I’ve included this delicious lamb’s lettuce salad already several times in my Christmas menu. But in fact, it will rock any menu throughout the colder season.
Doesn’t this leaf salad just look gorgeous combined with the nutrient-rich walnuts and sprinkled pomegranate seeds? For me, these red seeds always resembled little shiny Christmas bulbs. Together with the green lambs lettuce rosettes, they create a festive Christmas impression.
Luckily my family tasted and approved the holiday salad and I’m happy to share the whole foods recipe with you…
What is mâche or lamb’s lettuce salad?
This tender leaf salad can also be found under the name lamb’s ear lettuce, mache lettuce, mâche rosettes, corn salad, corn lettuce, Rapunzel, field salad or the Latin name “Valerianella locusta”. It has spoon-shaped dark green leaves, and a tangy, nutty flavor.
While it is a very common crop in Europe, I realize that these mâche rosettes are not so present in American’s kitchens. At least I didn’t find many mâche recipes on Pinterest…But don’t worry, I’ll give you some tips where you can buy them in the US at the end of this blog post.
Why YOU need this vitamin bomb
Did you know that mache rosettes are one of the most nutrient dense leaf salads? So, if you are a health-conscious foodie – you are reading this blog, so you probably are – then mache lettuce is a must. I’ll share more about its nutrition facts later.
My absolute favorite leaf salad ever
Let me just rave a bit and tell you that lamb’s lettuce salad (in Germany we call it Feldsalat or Ackersalat) is by far my most favorite green leaf salad ever. I could eat these soft and tender leaves with a nutty taste all year round but…
In fact, it is a typical winter salad which is mostly sold from autumn until early spring. As I prefer to eat veggies in the season I often can’t wait the opening of the “Feldsalat Season”. For a clean eating salad, I usually combine it with just some thinly sliced onions and a simple vinegar oil dressing. But for Christmas, it’s nice to include some “whistles and bells”.
Where you can buy mache lettuce in the US
Although I’m not living in the USA I researched (with the help of a wonderful Facebook group) that you can buy Lamb’s lettuce at your local Whole Foods, Bristol Farms or Meijers in the boxed salad greens section. The brand “Iloveorganicgirl” sells it under the name “mâche rosettes”. They are even washed so you don’t have to. The only thing you have to remove is the tiny part of the root at each rosette.
If you can’t get it in your region
You can mimic the look of this recipe and use baby spinach leaves instead. Lamb’s lettuce is anyway often confused with baby spinach. Ok, you won’t have the rosettes and all its nutrients but at least the leaves seam similar.
Lamb’s lettuce has many nutrients, with 3 times as much vitamin C as lettuce it is super-charged with Vitamin C and it provides 14 times as much pro-vitamin A as iceberg lettuce. (1) Mache is also a great source of beta-carotene, B6, potassium, and iron. To reap most of its nutrients it is best to eat it in season and as fresh as possible.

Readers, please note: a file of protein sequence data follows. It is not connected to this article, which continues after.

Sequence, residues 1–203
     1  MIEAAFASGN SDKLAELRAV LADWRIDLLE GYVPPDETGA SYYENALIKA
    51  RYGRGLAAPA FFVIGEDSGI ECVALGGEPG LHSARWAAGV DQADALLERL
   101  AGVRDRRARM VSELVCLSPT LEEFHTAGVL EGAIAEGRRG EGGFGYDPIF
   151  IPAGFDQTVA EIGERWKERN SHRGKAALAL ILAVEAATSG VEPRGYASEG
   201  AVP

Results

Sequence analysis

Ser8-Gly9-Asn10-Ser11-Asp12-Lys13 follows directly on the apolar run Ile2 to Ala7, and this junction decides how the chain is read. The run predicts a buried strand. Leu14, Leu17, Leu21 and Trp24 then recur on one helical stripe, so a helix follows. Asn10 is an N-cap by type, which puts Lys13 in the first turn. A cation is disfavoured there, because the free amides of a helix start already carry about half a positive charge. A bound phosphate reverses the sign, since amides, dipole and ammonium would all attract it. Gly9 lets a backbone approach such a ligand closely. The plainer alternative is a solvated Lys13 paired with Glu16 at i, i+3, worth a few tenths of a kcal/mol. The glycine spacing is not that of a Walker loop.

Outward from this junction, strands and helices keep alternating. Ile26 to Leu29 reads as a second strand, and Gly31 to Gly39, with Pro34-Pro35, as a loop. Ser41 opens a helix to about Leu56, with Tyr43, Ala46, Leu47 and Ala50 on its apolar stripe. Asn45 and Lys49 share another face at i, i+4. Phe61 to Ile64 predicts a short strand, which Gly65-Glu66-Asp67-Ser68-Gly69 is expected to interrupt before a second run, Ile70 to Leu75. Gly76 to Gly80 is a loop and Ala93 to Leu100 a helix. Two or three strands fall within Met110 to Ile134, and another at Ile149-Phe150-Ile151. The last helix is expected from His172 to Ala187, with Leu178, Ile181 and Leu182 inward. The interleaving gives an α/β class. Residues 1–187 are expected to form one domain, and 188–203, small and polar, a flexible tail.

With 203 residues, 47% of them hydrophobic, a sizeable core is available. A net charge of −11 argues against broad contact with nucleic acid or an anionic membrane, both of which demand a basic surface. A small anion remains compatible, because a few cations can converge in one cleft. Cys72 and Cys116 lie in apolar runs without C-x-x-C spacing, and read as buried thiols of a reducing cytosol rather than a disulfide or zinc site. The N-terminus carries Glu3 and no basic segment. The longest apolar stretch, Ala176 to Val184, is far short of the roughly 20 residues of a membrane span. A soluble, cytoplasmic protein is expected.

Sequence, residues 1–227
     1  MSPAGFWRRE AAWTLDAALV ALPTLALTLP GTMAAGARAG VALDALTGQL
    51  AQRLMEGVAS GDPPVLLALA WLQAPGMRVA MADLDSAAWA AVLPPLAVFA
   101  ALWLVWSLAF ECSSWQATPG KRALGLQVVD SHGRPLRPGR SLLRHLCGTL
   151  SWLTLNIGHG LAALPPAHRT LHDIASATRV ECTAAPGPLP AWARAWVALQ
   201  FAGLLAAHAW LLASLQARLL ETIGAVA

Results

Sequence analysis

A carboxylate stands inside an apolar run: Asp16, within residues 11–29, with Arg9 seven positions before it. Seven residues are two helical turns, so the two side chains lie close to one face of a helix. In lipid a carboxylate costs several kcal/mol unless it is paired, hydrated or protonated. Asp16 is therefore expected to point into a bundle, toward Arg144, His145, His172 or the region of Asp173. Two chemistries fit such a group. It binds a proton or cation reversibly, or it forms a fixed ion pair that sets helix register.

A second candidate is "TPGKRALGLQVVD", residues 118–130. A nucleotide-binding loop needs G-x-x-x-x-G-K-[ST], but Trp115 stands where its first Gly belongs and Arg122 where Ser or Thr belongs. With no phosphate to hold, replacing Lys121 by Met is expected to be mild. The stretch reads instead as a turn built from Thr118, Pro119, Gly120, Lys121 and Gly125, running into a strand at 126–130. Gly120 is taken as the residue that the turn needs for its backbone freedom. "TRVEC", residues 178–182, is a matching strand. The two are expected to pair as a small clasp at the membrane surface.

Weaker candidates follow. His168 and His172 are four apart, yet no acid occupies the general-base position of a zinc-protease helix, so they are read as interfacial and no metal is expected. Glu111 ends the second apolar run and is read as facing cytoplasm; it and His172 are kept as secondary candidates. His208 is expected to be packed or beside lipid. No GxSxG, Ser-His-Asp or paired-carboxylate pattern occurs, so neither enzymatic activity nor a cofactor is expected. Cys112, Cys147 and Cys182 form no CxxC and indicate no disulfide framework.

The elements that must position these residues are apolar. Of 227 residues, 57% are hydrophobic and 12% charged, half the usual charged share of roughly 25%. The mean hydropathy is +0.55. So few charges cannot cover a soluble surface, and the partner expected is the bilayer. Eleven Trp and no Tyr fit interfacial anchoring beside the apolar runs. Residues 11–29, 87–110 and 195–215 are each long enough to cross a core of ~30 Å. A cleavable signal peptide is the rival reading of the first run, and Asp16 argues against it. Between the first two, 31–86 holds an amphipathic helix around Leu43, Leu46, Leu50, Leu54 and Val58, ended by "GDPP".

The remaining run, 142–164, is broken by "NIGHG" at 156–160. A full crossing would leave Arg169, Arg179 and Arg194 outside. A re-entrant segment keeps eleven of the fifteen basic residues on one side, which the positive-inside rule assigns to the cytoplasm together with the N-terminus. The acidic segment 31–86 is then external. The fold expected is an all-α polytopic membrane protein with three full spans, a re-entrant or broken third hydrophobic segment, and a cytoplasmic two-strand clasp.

Washing and cleaning
- First, fill your sink with cold water.
- Wash the salad thoroughly in water at least once, as the mache rosettes are often very sandy.
- Take it out, let it drip off or carefully spin it dry in a salad spinner.
- Check one rosette after the other: Cut off root ends and wilted leaves
- Halve large rosettes if necessary
Here is finally the recipe for my festive salad recipe.Print
Lamb’s Lettuce with walnuts and pomegranate seeds
A nutrient-dense and festive leaf salad
- Prep Time: 20
- Total Time: 20
- 10.5 oz/300 gr. Lamb’s lettuce/mache rosettes, washed and cleaned thoroughly
- 1 tablespoon maple syrup
- 1 tablespoon coconut oil
- 1 medium pomegranate, seeded
- 7 oz./200 gr. walnuts
- 1 tablespoon extra virgin olive oil (EVOO) or walnut oil
- 2 tablespoons vinegar or lemon juice
- salt, pepper
- Heat a medium sized pan over medium heat.
- Add walnuts and stir for 5 minutes.
- Turn off the heat and add coconut oil, maple syrup, and salt.
- Toss to coat the walnuts.
- In a large bowl, combine vinegar, olive oil, salt, and pepper.
- Put washed lamb’s lettuce in the bowl and mix well.
- Spread the lettuce with dressing on 8 salad plates,
- Garnish each salad plate with the walnuts and pomegranate seeds.
- Serving Size: 8
My hardest earned and most organic “Ackersalat”
When my daughter was in the kinder garden my father in law used to bring us lamb’s lettuce growing wild right from the field. He called it “Sonnewirbeli” or “Ackersalat” and the rosettes were smaller than those you get in the store. When he came with his “treasure” I was of course very grateful but I also knew that I needed to carve out some extra time in my kitchen;)
Look, it took me almost an hour to thoroughly wash the salad as it was quite grainy and gritty. I can’t even imagine how long it took him to find and pick all those tiny, small rosettes from the field. I know what you are thinking…But hey, that was probably the freshest, most organic and nutrient-rich lamb’s lettuce we’ve ever eaten.
Don’t run away yet…
Before you run away and forget about this vitamin bomb, let me reassure you…the mache rosettes you get in the store nowadays are for sure much larger, cleaner and especially in the US they are offered prewashed. So, don’t you think it’s time to include this precious little greens into your whole food’s nutrition?
Storage: Consume it quickly
Lettuce can be kept for a few days in the vegetable compartment of the fridge. The ingredients and flavor, however, are lost during storage and the leaves wither quickly.